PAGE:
UK Chancellor of the Exchequer Rishi Sunak and his wife Akshata Murty made their debut in the annual Sunday Times Rich List' on Friday, ranked 222 with their combined fortune estimated at GBP 730 million in a tally topped by Indian-origin Hinduja brothers with an estimated GBP 28.472 billion.
British-born Sunak, who is married to India-born Murty the daughter of Infosys co-founder N R Narayana Murthy, is described in the analysis as the first frontline politician to appear in its annual rankings of the UK's wealthiest in its 34-year history.
The 42-year-old Indian-origin finance minister is a former hedge fund manager who left his financial career to be elected a Conservative Party member of Parliament in 2015.
Not so long ago Sunak, 42, was touted as a future Prime Minister, a smooth heir to the bumbling Boris Johnson. However, the Chancellor's ambitions have been derailed by last month's revelation that his wife, Akshata Murty, was a non-dom a status that allows those who have their permanent home (domicile) outside the UK to pay tax only on earnings in this country, as well as an annual charge of GBP 30,000, reads The Sunday Times Rich List' report.
For Murty, it notes that the entrepreneur owns 0.93 per cent of Infosys in her own name, which would be a stake worth about GBP 690 million.
It should have delivered about GBP 54 million in dividends over the past seven and a half years including GBP 11 million in 2021. Without the non-dom status Murty would have been liable for GBP 20.6 million of UK tax on these payments. She has now agreed to pay tax on her 2021 dividends, the report adds.
Last month, Murty had announced that she will pay UK taxes on all her income, including from India, to avoid the row over her non-dom status being a distraction for her husband.
Sunak had vehemently defended his wife and has since been given a clean chit by an independent ministerial ethics advisor to the UK government over the issue.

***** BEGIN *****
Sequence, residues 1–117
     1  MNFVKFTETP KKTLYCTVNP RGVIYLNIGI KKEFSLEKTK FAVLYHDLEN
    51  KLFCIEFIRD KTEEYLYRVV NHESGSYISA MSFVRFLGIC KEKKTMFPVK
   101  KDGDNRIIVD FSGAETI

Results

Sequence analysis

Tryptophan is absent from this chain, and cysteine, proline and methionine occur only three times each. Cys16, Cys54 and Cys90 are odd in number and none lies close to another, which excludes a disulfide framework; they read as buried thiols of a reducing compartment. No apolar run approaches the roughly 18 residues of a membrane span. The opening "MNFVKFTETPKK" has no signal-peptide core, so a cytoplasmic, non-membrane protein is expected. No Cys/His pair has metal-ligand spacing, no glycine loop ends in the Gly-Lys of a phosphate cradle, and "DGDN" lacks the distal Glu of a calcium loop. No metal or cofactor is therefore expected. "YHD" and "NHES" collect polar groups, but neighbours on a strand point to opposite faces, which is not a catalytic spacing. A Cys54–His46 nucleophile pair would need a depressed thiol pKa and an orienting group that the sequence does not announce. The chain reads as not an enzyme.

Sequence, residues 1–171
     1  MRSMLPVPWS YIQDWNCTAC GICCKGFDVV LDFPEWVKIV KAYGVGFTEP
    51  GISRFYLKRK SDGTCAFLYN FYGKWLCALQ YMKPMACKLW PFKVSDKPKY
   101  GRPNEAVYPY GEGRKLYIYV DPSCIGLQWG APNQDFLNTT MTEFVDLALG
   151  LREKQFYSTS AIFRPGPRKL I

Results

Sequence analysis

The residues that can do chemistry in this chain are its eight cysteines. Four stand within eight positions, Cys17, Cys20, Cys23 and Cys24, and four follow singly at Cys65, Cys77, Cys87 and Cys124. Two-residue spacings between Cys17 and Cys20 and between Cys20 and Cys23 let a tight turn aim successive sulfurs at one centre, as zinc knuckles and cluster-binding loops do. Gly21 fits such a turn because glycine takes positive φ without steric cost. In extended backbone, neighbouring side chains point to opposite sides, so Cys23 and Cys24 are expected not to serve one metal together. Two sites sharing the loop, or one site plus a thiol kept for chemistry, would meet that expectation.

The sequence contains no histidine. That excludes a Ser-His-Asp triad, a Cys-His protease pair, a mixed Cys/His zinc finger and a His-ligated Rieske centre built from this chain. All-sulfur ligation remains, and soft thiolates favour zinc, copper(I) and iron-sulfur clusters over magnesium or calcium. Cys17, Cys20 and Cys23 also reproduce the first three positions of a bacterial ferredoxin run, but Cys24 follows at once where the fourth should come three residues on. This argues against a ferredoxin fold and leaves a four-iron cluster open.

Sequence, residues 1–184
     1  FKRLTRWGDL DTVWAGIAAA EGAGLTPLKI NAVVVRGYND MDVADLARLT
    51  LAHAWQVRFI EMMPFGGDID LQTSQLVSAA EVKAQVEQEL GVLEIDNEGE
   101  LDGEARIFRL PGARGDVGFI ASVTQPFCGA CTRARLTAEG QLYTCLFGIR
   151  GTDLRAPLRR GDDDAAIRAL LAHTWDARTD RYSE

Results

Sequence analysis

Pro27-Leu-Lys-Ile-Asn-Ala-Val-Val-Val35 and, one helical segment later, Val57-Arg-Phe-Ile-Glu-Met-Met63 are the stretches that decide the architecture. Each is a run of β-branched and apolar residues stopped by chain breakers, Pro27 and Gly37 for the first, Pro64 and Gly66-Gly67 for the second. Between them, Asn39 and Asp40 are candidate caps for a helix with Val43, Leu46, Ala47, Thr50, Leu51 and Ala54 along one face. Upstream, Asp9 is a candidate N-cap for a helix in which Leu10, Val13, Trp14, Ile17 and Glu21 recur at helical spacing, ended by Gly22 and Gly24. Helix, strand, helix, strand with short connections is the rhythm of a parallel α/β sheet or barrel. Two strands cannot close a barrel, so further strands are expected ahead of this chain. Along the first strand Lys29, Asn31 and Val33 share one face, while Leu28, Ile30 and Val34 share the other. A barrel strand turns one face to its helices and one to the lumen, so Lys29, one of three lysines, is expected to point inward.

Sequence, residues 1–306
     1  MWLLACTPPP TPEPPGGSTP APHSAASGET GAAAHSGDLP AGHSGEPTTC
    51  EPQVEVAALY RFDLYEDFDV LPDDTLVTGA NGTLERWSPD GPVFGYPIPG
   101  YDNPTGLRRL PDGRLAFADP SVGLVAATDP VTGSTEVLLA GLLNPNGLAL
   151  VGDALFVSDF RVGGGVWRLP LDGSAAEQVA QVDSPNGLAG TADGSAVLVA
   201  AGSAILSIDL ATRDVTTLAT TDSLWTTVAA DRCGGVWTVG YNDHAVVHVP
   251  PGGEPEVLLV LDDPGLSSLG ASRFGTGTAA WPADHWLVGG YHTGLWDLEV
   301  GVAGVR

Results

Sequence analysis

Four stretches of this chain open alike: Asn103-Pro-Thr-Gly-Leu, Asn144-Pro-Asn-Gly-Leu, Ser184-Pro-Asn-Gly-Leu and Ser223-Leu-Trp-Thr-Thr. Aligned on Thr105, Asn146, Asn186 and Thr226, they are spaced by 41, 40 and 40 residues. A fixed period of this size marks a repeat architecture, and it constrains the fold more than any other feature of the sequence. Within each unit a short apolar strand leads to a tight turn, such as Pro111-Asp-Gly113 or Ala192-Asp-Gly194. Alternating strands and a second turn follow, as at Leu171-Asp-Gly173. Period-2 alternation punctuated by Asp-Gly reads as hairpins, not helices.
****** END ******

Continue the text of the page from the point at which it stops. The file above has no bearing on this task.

Meanwhile, Sri and Gopichand Hinduja and family returned to the top of the 'Sunday Times Rich List' rankings after slipping to third place last year, with the biggest fortune recorded in the list's history.
All may not be harmonious within the Hinduja dynasty, but their business empire has enjoyed a bumper year, notes the newspaper, with reference to a reported family feud.
Much of their wealth is to be found in companies listed on the Indian stock market. The family's stake in the Mumbai-based IndusInd Bank is now worth GBP 4.545 billion. Their holding in the vehicle manufacturer Ashok Leyland, which has headquarters in Chennai, has a value of GBP 2.663 billion after a strong year and the Hindujas' stake in the IT giant Hinduja Global Solutions is worth GBP 1.283 billion. Shares in other listed companies add another GBP 1.174 billion," it adds.
In third place is another set of India-born brothers, David and Simon Reuben, and family with a fortune estimated at around GBP 22.265 billion.
They follow British inventor-entrepreneur Sir James Dyson and family, ranked second with an estimated GBP 23 billion.
Further down in sixth place is NRI steel tycoon Lakshmi N Mittal with GBP 17 billion, who added around GBP 2.3 billion to his fortunes since last year through ArcelorMittal steelworks.
Other Indian-origin billionaires on the 2022 list include metals industrialist Anil Agarwal at No. 16 with an estimated GBP 9.2 billion, retail majors Mohsin and Zuber Issa at No. 39 with an estimated GBP 4.73 billion, Prakash Lohia at No. 41 with an estimated GBP 4.37 billion and Simon, Bobby and Robin Arora at No. 69 with GBP 2.543 billion.
Also ranked within the top 100 are NRI industrialist Lord Swraj Paul and family and Varsha and Navin Engineer at a joint No. 72 (GBP 2.5 billion), followed by Biocon founders Kiran Mazumdar-Shaw and John Shaw at No. 75 (GBP 2.496 billion) and hoteliers Jasminder Singh and family at No. 99 (GBP 1.824 billion).
Overall, the UK now has a record of 177 billionaires, up six from 2021 with a combined wealth between them of GBP 653 billion up more than GBP 55 billion (9.4 per cent) on the total wealth of the billionaires in last year's Sunday Times Rich List'.
The annual tally measures identifiable wealth, such as land, property, racehorses, art or significant shares in publicly quoted companies. Bank accounts, to which the newspaper says it has no access, and small shareholdings in a private equity portfolio are excluded.
(Only the headline and picture of this report may have been reworked by the Business Standard staff; the rest of the content is auto-generated from a syndicated feed.)